Jack Ciattarelli won a decisive 23-point victory in the Republican gubernatorial primary after sweeping all 21 counties in his bid to take on Gov. Phil Murphy in the general election.
Ciattarelli leads real estate developer-turned-pastor Phil Rizzo by 71,517 votes, 49%-26%, with perennial candidate Hirsh Singh finishing third with 21% of the vote. Brian D. Levine, a former Franklin mayor and Somerset County freeholder, received 3%. About 89% of the votes have been counted so far.
The former three-term assemblyman from Somerset County had the backing of all 21 county GOP organizations and the lines held for him everywhere. Ciattarelli has become the first Republican candidate in more than 100 years to win all 21 counties in his first run for governor.
Ciattarelli came out of Ocean with a margin of about 10,000, with pluralities of more than 9,000 in Morris and Bergen, 5,000 in Somerset and 4,000 in Monmouth.
His biggest percentages came out of Cape May (61.7%), Atlantic (58.6%), Bergen (58.3%), Essex (55.7%), and Somerset (55.2%). Ciattarelli only dipped below 40% in two counties: Warren (38.9%) and Salem (38.3).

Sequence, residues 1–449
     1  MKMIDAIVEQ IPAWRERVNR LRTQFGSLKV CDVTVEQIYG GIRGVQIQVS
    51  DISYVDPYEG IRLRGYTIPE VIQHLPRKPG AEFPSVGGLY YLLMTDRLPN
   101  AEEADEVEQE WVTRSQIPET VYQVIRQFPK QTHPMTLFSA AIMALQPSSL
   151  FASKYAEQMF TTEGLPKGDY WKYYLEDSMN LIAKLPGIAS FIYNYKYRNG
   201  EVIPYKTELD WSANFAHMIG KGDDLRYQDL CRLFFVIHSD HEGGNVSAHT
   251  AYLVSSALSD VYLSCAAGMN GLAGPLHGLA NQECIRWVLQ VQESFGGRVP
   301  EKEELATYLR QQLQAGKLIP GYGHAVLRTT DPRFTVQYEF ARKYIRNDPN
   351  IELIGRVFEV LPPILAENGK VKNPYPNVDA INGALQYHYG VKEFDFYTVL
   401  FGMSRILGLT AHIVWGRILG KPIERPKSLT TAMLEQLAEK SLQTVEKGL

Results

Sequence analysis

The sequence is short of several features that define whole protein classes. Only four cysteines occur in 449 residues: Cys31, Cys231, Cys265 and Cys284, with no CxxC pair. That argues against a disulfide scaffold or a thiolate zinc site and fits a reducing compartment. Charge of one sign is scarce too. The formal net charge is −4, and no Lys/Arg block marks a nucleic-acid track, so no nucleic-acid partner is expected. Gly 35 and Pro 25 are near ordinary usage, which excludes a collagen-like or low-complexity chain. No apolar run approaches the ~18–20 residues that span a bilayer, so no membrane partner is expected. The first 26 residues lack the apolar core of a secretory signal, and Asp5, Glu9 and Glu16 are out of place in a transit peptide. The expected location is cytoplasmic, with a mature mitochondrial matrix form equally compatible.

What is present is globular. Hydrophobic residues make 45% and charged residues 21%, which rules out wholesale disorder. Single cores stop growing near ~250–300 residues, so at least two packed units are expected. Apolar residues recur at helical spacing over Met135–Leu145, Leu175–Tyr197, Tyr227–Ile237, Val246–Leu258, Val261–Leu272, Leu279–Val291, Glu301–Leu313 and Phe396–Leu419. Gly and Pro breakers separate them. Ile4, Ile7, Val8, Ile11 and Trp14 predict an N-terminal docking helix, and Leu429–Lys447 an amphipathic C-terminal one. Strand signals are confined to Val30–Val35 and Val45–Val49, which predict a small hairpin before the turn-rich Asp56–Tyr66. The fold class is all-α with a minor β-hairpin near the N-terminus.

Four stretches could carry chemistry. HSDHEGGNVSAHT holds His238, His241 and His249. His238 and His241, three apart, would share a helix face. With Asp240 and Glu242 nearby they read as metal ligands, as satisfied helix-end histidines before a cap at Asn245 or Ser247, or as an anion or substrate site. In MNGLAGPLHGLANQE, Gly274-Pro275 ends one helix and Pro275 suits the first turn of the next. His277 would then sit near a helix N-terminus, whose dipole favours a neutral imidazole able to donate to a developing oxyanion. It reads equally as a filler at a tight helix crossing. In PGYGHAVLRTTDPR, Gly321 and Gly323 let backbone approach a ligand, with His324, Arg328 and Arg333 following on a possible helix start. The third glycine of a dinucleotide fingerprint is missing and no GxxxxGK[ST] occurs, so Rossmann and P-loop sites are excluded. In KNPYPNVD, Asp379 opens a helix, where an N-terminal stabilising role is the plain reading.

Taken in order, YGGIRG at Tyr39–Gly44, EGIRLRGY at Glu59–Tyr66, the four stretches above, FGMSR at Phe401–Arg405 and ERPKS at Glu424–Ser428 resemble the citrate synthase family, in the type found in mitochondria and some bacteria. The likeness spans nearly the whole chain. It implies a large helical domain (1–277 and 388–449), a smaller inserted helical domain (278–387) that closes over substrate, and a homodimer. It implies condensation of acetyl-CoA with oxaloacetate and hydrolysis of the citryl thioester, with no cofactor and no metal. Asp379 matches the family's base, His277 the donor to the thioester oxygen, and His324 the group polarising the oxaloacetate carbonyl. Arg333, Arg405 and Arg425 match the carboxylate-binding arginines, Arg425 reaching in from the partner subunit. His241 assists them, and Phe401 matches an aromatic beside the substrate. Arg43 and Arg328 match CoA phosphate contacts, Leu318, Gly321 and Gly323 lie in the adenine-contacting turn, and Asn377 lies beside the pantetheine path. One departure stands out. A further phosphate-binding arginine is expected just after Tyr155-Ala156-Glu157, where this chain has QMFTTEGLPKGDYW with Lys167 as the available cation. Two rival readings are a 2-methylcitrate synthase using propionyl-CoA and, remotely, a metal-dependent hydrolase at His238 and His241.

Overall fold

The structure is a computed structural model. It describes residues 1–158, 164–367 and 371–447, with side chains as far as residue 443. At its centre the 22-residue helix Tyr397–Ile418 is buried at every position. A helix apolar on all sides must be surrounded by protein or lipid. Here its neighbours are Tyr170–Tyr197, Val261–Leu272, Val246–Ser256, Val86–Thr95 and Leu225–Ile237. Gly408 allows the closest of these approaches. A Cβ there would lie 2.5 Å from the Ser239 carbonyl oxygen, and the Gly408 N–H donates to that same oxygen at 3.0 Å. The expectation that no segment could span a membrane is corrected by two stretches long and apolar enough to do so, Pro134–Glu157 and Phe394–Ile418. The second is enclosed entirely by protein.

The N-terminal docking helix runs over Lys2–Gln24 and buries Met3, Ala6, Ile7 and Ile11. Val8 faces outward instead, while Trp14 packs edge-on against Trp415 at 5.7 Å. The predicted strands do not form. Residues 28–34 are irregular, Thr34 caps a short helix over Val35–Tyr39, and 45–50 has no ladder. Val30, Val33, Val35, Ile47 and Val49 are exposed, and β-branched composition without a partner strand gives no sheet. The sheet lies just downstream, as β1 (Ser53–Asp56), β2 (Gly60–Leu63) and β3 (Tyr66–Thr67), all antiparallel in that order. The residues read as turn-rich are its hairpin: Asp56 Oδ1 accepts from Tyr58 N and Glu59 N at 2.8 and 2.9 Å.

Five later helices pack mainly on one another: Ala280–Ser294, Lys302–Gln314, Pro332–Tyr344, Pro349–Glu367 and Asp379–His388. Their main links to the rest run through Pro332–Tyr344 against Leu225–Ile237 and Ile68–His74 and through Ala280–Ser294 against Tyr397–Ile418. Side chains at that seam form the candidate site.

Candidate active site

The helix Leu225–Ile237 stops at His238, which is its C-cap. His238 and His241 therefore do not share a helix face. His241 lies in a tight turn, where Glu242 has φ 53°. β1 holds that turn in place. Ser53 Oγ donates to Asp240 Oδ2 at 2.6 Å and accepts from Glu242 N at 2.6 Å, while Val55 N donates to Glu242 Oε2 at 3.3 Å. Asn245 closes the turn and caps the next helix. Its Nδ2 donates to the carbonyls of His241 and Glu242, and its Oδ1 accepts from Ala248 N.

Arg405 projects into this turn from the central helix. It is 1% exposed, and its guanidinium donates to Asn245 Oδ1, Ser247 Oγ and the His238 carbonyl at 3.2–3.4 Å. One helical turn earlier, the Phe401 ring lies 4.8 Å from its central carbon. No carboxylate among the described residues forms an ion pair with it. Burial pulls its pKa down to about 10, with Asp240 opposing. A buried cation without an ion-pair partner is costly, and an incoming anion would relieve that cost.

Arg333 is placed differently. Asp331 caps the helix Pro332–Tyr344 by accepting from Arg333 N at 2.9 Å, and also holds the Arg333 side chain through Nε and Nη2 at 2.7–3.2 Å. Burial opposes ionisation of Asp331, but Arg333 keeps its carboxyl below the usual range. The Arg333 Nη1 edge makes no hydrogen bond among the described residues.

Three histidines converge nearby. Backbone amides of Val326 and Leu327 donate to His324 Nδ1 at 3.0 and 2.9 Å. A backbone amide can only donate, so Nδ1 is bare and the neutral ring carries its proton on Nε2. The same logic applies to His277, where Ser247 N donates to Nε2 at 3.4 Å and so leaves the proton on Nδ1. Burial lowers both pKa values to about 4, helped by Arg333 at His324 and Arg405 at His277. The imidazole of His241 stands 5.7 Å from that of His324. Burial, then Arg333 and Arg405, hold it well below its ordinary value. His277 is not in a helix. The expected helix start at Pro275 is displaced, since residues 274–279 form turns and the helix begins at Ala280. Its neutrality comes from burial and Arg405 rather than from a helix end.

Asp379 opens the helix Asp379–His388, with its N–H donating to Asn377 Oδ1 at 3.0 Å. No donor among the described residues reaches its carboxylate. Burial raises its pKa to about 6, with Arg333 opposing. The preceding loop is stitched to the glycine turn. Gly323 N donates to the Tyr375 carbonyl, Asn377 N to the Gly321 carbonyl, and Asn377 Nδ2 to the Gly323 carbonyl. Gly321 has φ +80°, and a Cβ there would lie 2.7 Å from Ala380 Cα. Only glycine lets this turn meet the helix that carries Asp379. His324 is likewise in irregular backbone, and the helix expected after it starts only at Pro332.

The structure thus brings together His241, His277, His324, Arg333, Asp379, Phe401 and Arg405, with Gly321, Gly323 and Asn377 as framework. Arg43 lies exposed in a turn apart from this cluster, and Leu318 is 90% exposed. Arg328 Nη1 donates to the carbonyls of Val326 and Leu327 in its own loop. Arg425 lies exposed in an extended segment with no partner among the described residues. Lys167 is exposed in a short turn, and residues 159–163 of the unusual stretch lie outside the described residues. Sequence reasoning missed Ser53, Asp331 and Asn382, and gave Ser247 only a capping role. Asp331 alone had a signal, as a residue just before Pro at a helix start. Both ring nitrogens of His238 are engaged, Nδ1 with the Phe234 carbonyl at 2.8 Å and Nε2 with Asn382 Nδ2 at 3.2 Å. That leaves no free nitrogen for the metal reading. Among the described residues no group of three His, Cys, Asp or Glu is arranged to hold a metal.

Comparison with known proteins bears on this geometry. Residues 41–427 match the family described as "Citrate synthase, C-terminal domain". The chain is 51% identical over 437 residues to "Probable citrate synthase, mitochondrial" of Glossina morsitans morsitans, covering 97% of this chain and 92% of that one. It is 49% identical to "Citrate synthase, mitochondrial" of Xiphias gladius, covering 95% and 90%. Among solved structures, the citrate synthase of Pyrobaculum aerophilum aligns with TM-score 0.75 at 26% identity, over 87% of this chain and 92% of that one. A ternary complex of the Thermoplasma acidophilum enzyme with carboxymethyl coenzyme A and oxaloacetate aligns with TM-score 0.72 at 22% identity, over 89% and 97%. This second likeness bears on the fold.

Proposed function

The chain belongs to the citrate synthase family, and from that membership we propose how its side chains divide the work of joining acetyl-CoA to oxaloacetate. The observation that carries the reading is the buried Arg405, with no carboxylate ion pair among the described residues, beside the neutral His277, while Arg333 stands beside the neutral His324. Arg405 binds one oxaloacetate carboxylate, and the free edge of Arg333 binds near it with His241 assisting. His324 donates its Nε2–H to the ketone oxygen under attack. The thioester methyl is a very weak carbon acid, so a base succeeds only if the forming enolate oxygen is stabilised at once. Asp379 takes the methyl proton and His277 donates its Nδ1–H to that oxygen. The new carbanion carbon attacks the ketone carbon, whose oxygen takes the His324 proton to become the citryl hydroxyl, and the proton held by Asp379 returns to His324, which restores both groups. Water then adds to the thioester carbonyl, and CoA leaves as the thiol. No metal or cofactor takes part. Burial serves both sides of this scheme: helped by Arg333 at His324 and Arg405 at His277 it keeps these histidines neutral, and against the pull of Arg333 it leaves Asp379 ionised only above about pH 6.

Statewide turnout is running at about 21.4% — about the same as 2017. Voter turnout was highest in Hunterdon (28.7%), Cape May (27.2%), Ocean (27.1%), Sussex (25.9%), and Morris (25.5%).
Rizzo outpolled Singh in 13 counties, with Singh finishing second in Atlantic, Bergen, Cape May and Cumberland. Four other counties are closely split between the two.
Singh, the Peter Pan of New Jersey politics, received 36% of the vote in his unsuccessful for the U.S. Senate in the 2020 GOP primary and 21% in his run for governor. His total votes dropped by 54%. This was his 5th run for public office since 2017.
The two combined for 148,222 votes – just slightly more than the 140,946 that Steve Lonegan received in the 2009 gubernatorial primary against Chris Christie. Levine’s 9,901 vote total is around the same as the 9,184 that went to Rick Merkt in 2009.
Historically, Ciattarelli’s 49% is consistent with other Republican candidates who have gone on to win their first general election. William Cahill won his primary with 39% in 1969, Thomas Kean with 30% in 1981, and Christine Todd Whitman with 40% in 1993. Christie won his primary with 55% in 2009.